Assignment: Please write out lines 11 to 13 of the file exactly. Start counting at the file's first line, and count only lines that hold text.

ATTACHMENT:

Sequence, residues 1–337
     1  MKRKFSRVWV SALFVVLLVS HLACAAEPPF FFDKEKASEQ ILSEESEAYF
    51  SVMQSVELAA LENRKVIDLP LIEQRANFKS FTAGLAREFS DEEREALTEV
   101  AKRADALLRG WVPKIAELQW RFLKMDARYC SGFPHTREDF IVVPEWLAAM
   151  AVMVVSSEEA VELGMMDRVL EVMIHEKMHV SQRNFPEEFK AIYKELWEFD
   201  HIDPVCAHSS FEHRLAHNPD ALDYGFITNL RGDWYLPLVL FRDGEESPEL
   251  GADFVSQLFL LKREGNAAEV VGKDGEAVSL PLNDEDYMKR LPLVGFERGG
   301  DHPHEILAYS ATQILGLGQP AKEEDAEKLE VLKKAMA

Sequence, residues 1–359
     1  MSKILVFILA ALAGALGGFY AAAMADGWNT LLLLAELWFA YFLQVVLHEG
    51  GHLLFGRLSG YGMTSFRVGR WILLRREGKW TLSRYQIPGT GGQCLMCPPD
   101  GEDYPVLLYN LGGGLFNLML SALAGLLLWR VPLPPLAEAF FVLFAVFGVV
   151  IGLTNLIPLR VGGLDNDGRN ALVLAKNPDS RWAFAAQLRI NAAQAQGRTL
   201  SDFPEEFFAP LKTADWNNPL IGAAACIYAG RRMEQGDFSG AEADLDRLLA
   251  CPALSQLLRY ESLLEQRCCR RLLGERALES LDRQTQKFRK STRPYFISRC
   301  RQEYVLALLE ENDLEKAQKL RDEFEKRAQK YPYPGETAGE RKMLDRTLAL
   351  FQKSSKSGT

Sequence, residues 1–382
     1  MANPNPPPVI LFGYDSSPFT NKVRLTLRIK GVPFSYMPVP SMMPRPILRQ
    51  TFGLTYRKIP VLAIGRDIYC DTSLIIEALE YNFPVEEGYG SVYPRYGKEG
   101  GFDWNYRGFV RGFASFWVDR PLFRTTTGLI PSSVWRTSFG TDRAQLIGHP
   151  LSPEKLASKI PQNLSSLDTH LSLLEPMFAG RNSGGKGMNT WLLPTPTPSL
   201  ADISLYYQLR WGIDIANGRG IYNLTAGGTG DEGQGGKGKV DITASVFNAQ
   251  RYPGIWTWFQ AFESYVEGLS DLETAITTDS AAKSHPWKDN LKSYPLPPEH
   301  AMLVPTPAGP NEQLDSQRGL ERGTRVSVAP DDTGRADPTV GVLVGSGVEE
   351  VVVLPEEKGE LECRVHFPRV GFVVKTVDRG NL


    51  GHLLFGRLSG YGMTSFRVGR WILLRREGKW TLSRYQIPGT GGQCLMCPPD
   101  GEDYPVLLYN LGGGLFNLML SALAGLLLWR VPLPPLAEAF FVLFAVFGVV
   151  IGLTNLIPLR VGGLDNDGRN ALVLAKNPDS RWAFAAQLRI NAAQAQGRTL